It seems to me that there are two threads of discussion here that are
not at all merging. One issue is whether testing can and should be made
cheaper. Maybe it can, but testing is the last line of defense in
software quality, and is highly problematic, relying essentially on
chance to hit upon the right combination of conditions to cause a
defect in the software to manifest itself. It may be that extensive
testing (in the form of clinical trials) is the state of the art in
medicine, too. But in software we can and should do better. Every
computer science student learns in his or her first semester that the
halting problem is insoluble, and so we all throw up our hands and say:
Software is just too complicated. We can't understand it. At best, we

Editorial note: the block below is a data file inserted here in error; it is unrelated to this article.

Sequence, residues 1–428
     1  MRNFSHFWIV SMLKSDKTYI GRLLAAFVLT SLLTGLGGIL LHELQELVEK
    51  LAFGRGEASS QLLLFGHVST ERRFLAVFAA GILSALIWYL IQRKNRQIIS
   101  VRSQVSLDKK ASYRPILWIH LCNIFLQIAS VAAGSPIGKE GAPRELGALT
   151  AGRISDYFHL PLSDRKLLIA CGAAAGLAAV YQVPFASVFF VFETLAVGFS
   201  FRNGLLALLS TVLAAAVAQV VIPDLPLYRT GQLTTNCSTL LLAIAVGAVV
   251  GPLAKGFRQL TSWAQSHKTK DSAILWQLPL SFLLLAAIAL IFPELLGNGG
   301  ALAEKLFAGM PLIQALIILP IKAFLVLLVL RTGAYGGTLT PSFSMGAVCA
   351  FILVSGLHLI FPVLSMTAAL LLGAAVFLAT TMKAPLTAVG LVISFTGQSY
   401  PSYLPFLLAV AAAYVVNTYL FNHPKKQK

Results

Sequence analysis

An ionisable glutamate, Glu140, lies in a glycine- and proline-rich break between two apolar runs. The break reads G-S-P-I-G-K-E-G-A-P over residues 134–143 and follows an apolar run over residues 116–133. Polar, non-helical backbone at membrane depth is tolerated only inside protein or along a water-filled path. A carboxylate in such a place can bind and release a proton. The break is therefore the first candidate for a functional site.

can test what we have and see if it behaves as we expect. Whatever its
merit, that's a defeatist attittude. There is a LOT we can do to
improve the reliability and safety of software systems. To me, the key
to making reliability cost effective is to come up with better
solutions, not just put more money into testing.

Gregory Woodhouse  <[EMAIL PROTECTED]>

"It is foolish to answer a question that
you do not understand."
--G. Polya ("How to Solve It")

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